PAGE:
I took today off.
I took today off so I could get up at 6 a.m. and go to a Law Conference. This is what passes for fun in my squalid existence. There should be some interesting articles about the conference itself that I can link to later, which is good because I’m too braindead to recount any of the details now and I don’t like to write about work here anyway. So I’ll just jabber about a few random things that got loose in my brain today and then go drink tea and write a lecture.
I didn’t want to try and park at the Law School so I took a bus. A bus full of law students. As if that wasn’t bad enough, they were all talking at once. Not to one another, mind you. They were all using their little earpieces to yap on their cell phones.
Do you have any idea how fucking irritating it is to be on a bus with at least a dozen people all carrying on conversations with invisible beings? It was like being on a bus full of untreated schizophrenics.
And then, because I wasn’t quite on the edge of my sanity yet, the bus driver’s cell phone rang. And he answered it, taking both hands off the wheel to do so and thus driving on the sidewalk for a few moments but never slowing down.
Today I was reminded why I generally avoid buses.
Somehow, we got there without any harm coming to anyone on the bus. They went their way, I went mine.
Coffee. Panel discussions. Coffee. Panel discussions. Coffee. Panel discussions.
I’ve realized something very important about my brain. About 3 hours into panel discussions, by brain goes out of service for a few minutes. No matter how interesting or dynamic the panel is, I hit a wall. It’s like everyone is suddenly speaking Finnish and I have to concentrate very, very hard to translate it all back into English. “section 54 in effect … compulsory … confiscatory … mechanical … disintermediation … rights of the creator … whatwhatwhatwhatwhat?”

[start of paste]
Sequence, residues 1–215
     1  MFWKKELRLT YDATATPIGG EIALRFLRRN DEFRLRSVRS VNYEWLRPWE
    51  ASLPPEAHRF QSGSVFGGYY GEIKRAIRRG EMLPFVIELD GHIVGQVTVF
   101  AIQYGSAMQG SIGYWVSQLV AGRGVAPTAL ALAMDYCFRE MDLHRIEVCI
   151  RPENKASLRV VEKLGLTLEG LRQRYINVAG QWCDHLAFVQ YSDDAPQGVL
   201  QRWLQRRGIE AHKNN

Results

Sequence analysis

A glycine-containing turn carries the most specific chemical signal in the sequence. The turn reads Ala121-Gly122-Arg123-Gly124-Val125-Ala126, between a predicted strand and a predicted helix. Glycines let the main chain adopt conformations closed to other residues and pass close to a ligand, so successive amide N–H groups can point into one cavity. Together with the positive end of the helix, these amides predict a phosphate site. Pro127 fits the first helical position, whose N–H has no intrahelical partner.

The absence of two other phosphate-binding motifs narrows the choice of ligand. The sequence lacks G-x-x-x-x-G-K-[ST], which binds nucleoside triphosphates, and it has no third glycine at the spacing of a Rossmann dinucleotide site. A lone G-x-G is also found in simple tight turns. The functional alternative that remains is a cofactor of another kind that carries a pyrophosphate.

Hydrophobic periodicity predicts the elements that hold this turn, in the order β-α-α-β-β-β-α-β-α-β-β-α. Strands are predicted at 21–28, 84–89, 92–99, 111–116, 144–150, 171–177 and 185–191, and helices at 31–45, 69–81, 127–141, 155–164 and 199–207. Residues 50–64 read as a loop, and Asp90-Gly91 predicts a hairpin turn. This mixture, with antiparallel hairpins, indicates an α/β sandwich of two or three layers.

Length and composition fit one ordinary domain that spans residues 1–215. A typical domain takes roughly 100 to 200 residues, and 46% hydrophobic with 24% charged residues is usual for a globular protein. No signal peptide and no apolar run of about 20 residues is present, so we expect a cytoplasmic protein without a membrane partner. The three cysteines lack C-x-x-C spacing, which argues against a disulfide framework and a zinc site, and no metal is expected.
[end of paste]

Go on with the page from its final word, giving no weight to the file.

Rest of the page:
Today when I hit that wall I found my mind wandering to the idea that perhaps if I went to a conference in Finland I would find that at the 3 hour mark everyone would start sounding like they were speaking English. Then I checked weather.com and realized it was currently 12 degrees in Helsinki. That snapped me back to reality and I was able to follow the rest of the panel just fine.
At the end of the day I discovered that I had just missed the bus and the next one wouldn’t be along for another half an hour. It was roughly a mile back to my car. All uphill. And I was wearing a long skirt with no walking pleat. And I had my briefcase. And it was starting to get dark. I could walk, uphill, in my skirt, in the growing twilight, carrying my briefcase or I could wait half an hour and then ride the bus with the law students.
It was a nice walk.
And so, in closing, let me say that, although I am of course fascinated by Peter Huber’s brain, I find it hard to make eye contact with him because he has the most amazingly beautiful and interesting hands. He creates a sort of gestural poetry when he speaks.